In the age of information sharing, control is now at the heart of society’s privacy paradox – from which organisations should have it, to what consequences organisations should face when it is mishandled. Ninety-eight per cent of respondents claim it is an important requirement for organisations to give customers the ability to control how their personal data is used. Furthermore, 61 per cent of respondents say it is absolutely essential for organisations to give consumers a way to report misuse of their personal data. Yet for many Australians, personal accountability for their own personal data is deterred by the pulling of a purse string, with the majority not willing to pay organisations to secure their personal data. In fact, less than one fifth of respondents (19 per cent) are willing to pay a social media provider to ensure protection of personal information, ranking lower than retailers and online shopping sites (24 per cent), healthcare providers and institutions (27 per cent) and financial institutions (27 per cent).

Below are best practices Australians can follow to help protect against online threats:

  • Safeguard yourself: To help protect your devices and information from the latest online threats, use a robust multi-platform security solution, such as Norton Security Premium, and update it regularly.
  • Never open suspicious-looking emails: Cyber criminals send fake emails or texts that may look legitimate. The links in these emails or texts contain malicious software that can download malware and spyware. The software may be able to mine your computer for personal information, which is then sent to a remote computer where the attacker could sell the information on the dark web or use the information to commit identity theft.
  • Make use of a VPN on public Wi-Fi: Many public Wi-Fi connections are unencrypted. This could give cyber criminals a chance to snoop on data being sent and received by your device. If there are software vulnerabilities on your device, attackers can inject malware to help them gain access to your data. In some cases, attackers create fake Wi-Fi hotspots purporting to be legitimate networks.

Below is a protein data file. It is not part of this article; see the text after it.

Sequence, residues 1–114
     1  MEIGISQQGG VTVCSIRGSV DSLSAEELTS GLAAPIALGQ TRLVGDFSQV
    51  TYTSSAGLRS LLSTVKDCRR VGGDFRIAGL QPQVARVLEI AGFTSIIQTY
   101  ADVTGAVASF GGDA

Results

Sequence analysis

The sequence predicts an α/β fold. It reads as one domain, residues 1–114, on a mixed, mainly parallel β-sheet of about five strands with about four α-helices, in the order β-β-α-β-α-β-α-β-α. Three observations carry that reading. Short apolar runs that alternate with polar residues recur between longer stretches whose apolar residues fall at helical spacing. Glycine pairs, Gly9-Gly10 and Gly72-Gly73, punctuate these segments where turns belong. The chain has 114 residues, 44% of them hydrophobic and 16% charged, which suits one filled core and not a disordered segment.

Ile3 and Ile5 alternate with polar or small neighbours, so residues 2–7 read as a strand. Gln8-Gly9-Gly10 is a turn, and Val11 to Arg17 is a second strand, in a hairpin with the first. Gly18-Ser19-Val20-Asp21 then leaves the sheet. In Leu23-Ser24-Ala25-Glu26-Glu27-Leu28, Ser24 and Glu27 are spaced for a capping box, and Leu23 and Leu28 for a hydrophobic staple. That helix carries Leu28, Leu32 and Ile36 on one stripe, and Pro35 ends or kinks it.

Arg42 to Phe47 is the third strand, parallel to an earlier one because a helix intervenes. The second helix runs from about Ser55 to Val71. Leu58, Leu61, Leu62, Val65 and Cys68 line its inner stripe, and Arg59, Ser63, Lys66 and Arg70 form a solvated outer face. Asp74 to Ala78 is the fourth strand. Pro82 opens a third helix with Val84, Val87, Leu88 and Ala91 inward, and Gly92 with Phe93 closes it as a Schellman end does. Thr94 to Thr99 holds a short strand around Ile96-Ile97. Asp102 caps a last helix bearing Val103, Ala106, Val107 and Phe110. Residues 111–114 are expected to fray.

• Own your online presence: Carefully read the terms and conditions before opening an account or downloading an application, including social media accounts. Be sure to set the privacy and security settings on web services and devices to your comfort level for information sharing.
  • Get two steps ahead and manage your passwords: Switch on two-step verification or multi-factor authentication wherever offered to prevent unauthorised access to your online accounts. Always change the default passwords to something strong and unique on your devices, services, and Wi-Fi networks.
  • Educate your child about online safety: Don’t just tell them to be careful online, show them how. Spend time with your child online and guide them through how to have a positive relationship with technology.
  • Be cautious of over-sharing your child’s life on social media: You are creating your child’s digital identity. Ensure your social media posts present your child in a positive way.